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Wednesday, April 20, 2011
Still targeted for privatization, agency wins national award for efficiency
The state's Department of Printing in Tumwater -- which has been and continues to be targeted for closure by privatization advocates -- has earned the In-Plant Printing and Mailing Association's prestigious Management Award for its exemplary performance. In 2010, while our self-supporting State Printer was busy generating some $27.5 million in revenue and implementing efficiencies that would earn it top honors in a competition with private printing companies across the nation, Sen. Rodney Tom (D-Medina) and other members of the "Roadkill Caucus" of conservative corporate Democrats were busy trying to shut it down. Ultimately, Sen. Tom failed in 2010 but he and others are back in 2011. Again they are using the revenue shortfall as an excuse to close the State Printer, based on the completely erroneous assumptions that it would save the state money and that the private sector does such work better and more efficiently than the public sector. The truth is exactly the opposite, on both counts. Read more.
Last year, Costco spent more than $3.4 million on Initiative 1100 to privatize Washington's state-run liquor system. Voters rejected the ballot measure, plus another similar liquor privatization initiative, sending a clear message that public safety was of paramount concern and our public liquor system is best-suited for protecting our families. Now, Costco is again pushing liquor privatization in the form of SB 5933, a brand new bill sponsored by Sen. Rodney Tom (D-Medina), which would direct that the system be completely privatized and all state stores be closed by Sept. 1, 2012. Read more.
► At SeattlePI.com -- CDC to states: Don't privatize alcohol sales -- Alcohol consumption increases dramatically in places that privatize liquor sales, the U.S. government's health agency says in warning states not to turn over their alcohol sales operations to for-profit businesses. Lawmakers are considering two measures that would partially or totally privatize Washington's liquor operation. But the U.S. Center for Disease Control recommends that states not further privatize alcohol sales "based on strong evidence that privatization results in increased per capita alcohol consumption, a well-established proxy for excessive consumption... Following privatization, consumption of privatized beverages increased substantially (median relative increase of 48.2%.)”
More State Legislature news:
► From AP -- Lawmakers try again on workers' comp -- Eight House Democrats unveil a workers' compensation proposal that keeps the thorny issue of lump-sum settlements but makes some changes to the Senate version. The revamped proposal has also met opposition from organized labor, which has argued that the workers' comp system is a safety net for laborers, not a place for litigation.
► In today's (Everett) Herald -- Deal reached on state roads budget -- House and Senate transportation leaders have reached agreement on a new budget that lays out how $8.9 billion will be spent on fixing highways, building ferries, running buses and repairing bridges.
► In today's Olympian -- Senate postpones vote on transportation budget -- A planned vote on the state transportation budget was sidetracked when Sen. Don Benton (R-Vancouver) tried to tack on an amendment aimed at preventing illegal immigrants from obtaining driver's licenses.
► In today's (Everett) Herald -- Prison safety bill goes to governor's desk -- Corrections officers in state prisons are a step closer to gaining use of special body alarms, panic buttons on radios and, in some locations, pepper spray to help make their jobs safer.
Community briefing on hotel campaign Thursday in Seattle
UNITE HERE Local 8 will host a Right to Recovery Campaign Community Briefing on Thursday from 5 to 6:30 p.m. in Hall 8 of the Seattle Labor Temple, 2800 1st Ave. The hotel industry is rebounding and set to make record profits by 2012, while workers are asked to do more in fewer hours, literally breaking their backs for hotel companies. Join us to learn how you can stand with hospitality workers who are fighting for fair contracts in unionized hotels and are organizing for a better life in non-union workplaces. Together, we can help ensure a recovery that includes good quality jobs and sustains economic growth throughout Western Washington. For more information, email Jasmine Marwaha, UNITE HERE Local 8 Community Organizer, at 206-470-3002.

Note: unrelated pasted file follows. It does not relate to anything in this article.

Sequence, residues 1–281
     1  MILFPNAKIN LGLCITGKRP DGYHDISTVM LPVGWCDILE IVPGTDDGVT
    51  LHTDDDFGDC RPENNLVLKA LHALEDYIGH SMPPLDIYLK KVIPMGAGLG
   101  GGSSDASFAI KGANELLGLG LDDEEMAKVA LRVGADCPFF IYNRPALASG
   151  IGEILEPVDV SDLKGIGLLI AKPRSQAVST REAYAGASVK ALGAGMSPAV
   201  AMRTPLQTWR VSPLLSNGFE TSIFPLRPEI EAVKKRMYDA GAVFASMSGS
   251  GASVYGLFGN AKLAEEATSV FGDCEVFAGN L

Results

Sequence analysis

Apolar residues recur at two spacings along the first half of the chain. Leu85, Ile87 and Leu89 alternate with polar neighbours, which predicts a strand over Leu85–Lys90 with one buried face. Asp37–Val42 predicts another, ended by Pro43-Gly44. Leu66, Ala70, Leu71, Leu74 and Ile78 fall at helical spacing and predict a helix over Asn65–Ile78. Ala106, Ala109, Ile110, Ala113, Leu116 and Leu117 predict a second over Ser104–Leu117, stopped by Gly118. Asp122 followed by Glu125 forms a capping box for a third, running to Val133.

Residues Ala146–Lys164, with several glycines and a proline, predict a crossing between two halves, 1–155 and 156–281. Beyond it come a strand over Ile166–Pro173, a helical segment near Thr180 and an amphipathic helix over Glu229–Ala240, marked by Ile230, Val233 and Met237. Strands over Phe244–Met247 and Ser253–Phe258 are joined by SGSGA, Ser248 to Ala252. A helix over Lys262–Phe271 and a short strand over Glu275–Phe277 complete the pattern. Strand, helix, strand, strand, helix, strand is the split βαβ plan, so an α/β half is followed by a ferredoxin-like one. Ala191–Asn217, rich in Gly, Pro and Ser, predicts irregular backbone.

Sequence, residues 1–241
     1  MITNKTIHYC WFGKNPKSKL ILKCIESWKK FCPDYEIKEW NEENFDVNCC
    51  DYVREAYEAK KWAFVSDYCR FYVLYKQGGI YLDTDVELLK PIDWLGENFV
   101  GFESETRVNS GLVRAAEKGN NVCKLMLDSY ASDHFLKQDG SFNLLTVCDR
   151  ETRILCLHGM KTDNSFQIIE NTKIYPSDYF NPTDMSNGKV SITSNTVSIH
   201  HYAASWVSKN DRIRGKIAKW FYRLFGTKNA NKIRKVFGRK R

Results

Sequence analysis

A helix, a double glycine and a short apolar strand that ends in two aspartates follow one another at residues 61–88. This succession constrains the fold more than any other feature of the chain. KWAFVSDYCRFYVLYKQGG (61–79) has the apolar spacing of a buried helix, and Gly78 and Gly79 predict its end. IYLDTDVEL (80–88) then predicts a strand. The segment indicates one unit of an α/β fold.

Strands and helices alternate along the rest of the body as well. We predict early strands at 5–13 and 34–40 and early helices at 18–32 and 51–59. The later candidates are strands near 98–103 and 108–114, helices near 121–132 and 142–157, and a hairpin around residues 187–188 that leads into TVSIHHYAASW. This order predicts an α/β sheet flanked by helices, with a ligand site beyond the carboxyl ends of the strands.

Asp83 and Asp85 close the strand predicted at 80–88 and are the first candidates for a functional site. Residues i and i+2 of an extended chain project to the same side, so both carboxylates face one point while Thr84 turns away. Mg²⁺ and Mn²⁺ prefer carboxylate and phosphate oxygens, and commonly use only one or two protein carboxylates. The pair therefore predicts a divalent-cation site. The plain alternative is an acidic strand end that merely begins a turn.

► In today's Spokesman-Review -- Bargaining support on agenda for Spokane City Council -- With the possibility of new rounds of negotiations in which city leaders could ask for more wage and benefit concessions, the city council may give its union employees a pat on the back. The council will consider a nonbinding resolution stating that the city supports collective bargaining for its workers.
► In today's Yakima H-R-- Farm Workers Clinics cut jobs -- Faced with cuts in state reimbursements for Medicaid, the Yakima Valley Farm Workers Clinic has cut 50 jobs, most in the Yakima Valley.
Today's Signs of America's Decline:
► In today's Seattle Times -- The giant sucking sound from corporate America (Jon Talton column) -- U.S. multinationals added 2.4 million jobs overseas during the 2000s while reducing domestic employment by 2.9 million souls. This is a stark turnaround from the 1990s, when 2.7 million jobs were created in multinational units abroad while 4.4 million were added at home. All told, these major companies employ one-fifth of all working Americans, 21.1 million in 2009.
► In today's LA Times -- Bipartisan support builds for slicing corporate tax rate -- U.S. corporations have enjoyed a two-year bull run on Wall Street. They are sitting on a record amount of cash and are back to paying bonuses that are the envy of executives around the world. Now, they are set up for a tax cut that has bipartisan support in Congress. As part of their budget plan, House Republicans want to cut the corporate tax rate to 25% from 35%. The Obama administration and many Democrats also are looking to slice the rate, but not as much. Despite complaints that they pay too much in taxes, U.S. corporations have been paying an increasingly smaller share of federal taxes over the last half-century. Nearly a third of all federal taxes came from corporations in 1952. Last year, they paid just 8.9%. Loopholes, credits and the ability to shelter earnings abroad have helped many of the country's biggest companies pay far less than the corporate tax rate set into U.S. law.
► In Vanity Fair -- Of the 1%, by the 1% and for the 1% -- Americans have been watching protests against oppressive regimes that concentrate massive wealth in the hands of an elite few. Yet in our own democracy, 1% of the people take nearly a quarter of the nation's income -- an inequality even the wealthy will come to regret.
► At AFL-CIO Now -- 2011 Paywatch: Average CEO salary is $11.4 million -- While 25 million unemployed and underemployed U.S. workers are drowning, CEO pay skyrocketed by 23%, for an average salary of $11.4 million in 2010, according to the AFL-CIO Executive PayWatch. Released Tuesday, data compiled at PayWatch also show CEOs have done little to create badly-needed jobs, instead sitting on a record $1.93 trillion in cash on their balance sheets.